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Researchers reveal the real austerity Olympics: The political refugee

It was the real austerity Olympics. Whilst the rest of the world's top athletes were asked to bring their own towels and handed out Horlicks tablets by the authorities in London 1948, the spirit of the Games was being enacted in even more Spartan surroundings than the bombed out British capital.

Savage Continent: Europe in the Aftermath of World War Two, By Keith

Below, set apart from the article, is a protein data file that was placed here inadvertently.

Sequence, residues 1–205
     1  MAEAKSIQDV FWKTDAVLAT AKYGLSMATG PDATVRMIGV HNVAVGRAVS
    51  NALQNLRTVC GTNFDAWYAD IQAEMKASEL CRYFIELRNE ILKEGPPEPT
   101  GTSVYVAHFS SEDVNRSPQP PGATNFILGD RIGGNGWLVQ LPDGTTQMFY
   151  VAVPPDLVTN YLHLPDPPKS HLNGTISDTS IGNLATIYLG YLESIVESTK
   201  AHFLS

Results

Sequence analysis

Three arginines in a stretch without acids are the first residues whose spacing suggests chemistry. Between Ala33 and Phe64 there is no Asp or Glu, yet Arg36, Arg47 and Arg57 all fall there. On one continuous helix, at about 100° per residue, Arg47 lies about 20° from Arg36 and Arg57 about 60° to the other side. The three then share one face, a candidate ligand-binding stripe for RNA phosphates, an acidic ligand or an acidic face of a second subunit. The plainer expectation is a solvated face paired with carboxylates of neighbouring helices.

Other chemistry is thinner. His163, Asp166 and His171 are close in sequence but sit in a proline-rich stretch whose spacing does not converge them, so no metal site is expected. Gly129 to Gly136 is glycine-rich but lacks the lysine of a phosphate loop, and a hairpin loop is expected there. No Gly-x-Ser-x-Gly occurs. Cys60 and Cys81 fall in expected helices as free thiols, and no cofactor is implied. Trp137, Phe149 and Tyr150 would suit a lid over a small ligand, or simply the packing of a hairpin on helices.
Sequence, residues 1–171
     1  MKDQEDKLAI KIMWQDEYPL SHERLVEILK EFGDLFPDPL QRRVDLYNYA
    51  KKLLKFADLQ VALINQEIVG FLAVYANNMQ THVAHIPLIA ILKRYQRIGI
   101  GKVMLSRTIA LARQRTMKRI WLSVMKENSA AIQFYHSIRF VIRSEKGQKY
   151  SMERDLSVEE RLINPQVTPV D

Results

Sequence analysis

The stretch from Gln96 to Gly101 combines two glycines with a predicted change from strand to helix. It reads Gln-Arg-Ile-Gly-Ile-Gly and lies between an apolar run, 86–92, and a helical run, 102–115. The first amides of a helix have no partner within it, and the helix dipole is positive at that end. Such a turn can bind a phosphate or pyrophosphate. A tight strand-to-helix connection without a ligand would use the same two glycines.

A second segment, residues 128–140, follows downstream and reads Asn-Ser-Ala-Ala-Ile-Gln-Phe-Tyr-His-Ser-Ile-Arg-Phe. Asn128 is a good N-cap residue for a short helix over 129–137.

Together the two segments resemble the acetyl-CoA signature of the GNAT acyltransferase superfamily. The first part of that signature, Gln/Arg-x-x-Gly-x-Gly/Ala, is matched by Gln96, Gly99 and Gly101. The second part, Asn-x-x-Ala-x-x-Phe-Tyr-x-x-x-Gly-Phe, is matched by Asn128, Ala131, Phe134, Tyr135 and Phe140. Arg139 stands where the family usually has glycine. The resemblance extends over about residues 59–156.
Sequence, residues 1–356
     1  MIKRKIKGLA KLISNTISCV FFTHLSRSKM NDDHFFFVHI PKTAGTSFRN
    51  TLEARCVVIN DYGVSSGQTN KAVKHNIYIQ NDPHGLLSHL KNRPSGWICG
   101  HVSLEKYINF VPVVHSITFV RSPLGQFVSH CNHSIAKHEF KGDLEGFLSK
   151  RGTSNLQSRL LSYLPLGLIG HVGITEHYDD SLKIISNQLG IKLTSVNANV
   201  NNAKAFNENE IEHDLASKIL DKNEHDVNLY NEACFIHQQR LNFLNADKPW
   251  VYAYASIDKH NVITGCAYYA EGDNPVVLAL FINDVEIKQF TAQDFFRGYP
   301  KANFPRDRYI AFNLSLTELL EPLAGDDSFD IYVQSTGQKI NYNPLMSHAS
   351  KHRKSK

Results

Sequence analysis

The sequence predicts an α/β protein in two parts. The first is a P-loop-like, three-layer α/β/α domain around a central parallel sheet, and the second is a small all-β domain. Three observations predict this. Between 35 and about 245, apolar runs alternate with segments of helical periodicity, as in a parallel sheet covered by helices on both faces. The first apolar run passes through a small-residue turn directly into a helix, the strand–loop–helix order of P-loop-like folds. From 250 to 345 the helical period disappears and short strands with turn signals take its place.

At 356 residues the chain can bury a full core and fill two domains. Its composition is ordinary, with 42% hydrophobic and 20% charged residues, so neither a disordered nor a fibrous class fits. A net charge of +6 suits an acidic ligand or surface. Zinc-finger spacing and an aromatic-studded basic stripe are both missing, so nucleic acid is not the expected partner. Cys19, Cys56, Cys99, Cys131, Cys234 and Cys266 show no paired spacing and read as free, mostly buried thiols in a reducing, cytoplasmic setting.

In his memoir If This is a Man, the Italian writer Primo Levi recalls that the most terrifying time for him at Auschwitz was not the years of incarceration by the Nazis, when beatings, hunger, back-breaking work and the threat of murder were omnipresent. He came closest to despair during the vacuum between the flight of the guards and the arrival of the Red Army. This period, in which the prisoners were effectively left to their own devices, was characterised by a complete breakdown of all authority, however unjust, as well as the system of supply. I was reminded of these passages when reading Keith Lowe's Savage Continent: an excellent account of the two years or so between the end of hostilities in Europe with the defeat of Hitler, and the establishment of the Cold War order.